The Ishihara is a test for color blindness. It was named after its designer, Dr. Shinobu Ishihara (1879-1963), a professor at the University of Tokyo, who first published his tests in 1917. It makes use of the peculiarity that in red-green blindness, blue and yellow appear remarkably bright compared to red and green.
It consists of a number of colored plates, on each plate is printed a circle made of many different sized dots of slightly different colors, spread in a random manner. Within the dot pattern, and differentiated only by color, is a number. What, or even if, a number is visible indicates if and what form of color blindness the viewer has. The full test consists of thirty-eight plates, but the existence of a deficiency is usually clear after fewer plates.
The Ishihara Color Charts are accepted by leading authorities worldwide as a simple and accurate test method. The color plates are available in an album-type book for ease of handling.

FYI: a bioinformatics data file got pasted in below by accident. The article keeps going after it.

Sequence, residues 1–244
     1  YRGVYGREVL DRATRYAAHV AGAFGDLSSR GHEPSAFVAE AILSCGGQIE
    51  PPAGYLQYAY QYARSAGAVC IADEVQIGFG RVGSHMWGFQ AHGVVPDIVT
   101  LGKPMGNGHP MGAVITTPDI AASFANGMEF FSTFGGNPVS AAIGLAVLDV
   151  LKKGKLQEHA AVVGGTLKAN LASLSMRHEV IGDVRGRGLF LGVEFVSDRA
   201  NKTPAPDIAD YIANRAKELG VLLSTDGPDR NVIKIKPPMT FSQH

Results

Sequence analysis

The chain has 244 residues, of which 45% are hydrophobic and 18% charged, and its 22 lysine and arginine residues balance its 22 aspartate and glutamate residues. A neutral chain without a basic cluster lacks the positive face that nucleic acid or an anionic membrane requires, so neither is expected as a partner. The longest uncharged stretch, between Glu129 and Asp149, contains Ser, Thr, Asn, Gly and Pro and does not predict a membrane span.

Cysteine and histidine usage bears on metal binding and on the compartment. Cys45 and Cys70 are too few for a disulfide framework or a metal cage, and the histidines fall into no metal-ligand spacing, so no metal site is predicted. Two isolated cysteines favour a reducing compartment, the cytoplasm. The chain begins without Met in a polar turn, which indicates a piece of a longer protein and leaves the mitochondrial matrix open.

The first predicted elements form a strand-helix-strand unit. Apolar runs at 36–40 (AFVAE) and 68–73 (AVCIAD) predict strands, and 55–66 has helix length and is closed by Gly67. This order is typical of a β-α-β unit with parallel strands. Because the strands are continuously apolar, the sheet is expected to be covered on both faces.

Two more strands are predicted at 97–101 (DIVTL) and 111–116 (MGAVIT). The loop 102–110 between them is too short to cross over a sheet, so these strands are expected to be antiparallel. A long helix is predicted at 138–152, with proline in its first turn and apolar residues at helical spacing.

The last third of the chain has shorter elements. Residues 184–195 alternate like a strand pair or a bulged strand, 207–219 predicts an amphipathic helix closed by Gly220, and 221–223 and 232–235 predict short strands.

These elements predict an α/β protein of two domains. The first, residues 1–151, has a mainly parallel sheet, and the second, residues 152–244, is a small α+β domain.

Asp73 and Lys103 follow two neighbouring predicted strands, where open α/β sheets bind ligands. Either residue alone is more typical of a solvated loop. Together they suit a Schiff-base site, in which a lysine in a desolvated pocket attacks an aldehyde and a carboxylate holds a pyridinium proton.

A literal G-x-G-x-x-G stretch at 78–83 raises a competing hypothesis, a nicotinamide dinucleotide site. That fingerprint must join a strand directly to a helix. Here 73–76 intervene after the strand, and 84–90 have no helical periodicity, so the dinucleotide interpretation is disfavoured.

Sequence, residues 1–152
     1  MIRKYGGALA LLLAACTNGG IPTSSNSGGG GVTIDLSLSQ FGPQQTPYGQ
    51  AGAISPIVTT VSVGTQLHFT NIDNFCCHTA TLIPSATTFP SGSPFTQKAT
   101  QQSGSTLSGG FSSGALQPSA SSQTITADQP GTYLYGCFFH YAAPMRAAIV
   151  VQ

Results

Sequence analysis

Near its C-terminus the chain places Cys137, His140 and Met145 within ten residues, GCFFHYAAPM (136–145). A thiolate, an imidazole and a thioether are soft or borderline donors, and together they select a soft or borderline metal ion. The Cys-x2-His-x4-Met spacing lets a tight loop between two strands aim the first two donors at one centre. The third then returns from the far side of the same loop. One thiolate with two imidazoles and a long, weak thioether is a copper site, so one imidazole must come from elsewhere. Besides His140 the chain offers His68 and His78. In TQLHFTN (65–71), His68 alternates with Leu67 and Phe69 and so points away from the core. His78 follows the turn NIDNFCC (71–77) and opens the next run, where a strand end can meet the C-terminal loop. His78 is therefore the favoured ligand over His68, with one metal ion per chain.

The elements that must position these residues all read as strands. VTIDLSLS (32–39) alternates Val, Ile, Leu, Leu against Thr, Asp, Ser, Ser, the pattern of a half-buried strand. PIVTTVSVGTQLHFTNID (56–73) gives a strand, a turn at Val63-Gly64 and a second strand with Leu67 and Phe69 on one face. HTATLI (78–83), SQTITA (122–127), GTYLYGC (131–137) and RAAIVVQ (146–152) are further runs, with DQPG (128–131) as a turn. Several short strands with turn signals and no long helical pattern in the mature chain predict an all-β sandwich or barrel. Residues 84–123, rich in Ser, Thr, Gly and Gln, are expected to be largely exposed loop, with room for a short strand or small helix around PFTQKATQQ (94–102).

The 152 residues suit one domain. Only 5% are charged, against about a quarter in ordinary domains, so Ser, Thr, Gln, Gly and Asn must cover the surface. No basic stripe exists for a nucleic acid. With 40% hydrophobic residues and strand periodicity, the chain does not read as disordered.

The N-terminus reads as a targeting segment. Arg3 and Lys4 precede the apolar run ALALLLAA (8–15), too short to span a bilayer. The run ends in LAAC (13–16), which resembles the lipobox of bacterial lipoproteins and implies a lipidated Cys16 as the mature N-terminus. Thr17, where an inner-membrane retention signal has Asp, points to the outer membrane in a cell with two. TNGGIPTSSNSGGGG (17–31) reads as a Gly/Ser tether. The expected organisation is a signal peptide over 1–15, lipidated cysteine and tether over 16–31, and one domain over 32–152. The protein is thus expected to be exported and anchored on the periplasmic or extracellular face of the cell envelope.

What is Color Blindness?
Color Blindness (Color Vision Deficiency) is a condition in which certain colors cannot be distinguished, most commonly due to an inherited condition. Red/Green color blindness is by far the most common (99%) form and causes problems in distinguishing reds and greens. Another color deficiency, blue/yellow, also exists but is rare (1%). At this time there is no test universally available for blue/yellow deficiency.
There is no treatment for Color Blindness, nor is it usually the cause of any significant visability. However, it can be very frustrating for individuals affected by it. Those who are not color blind seem to have the misconception that color blindness means that a color blind person sees only in black and white or shades of gray. While this sort of condition is possible, it is extremely rare.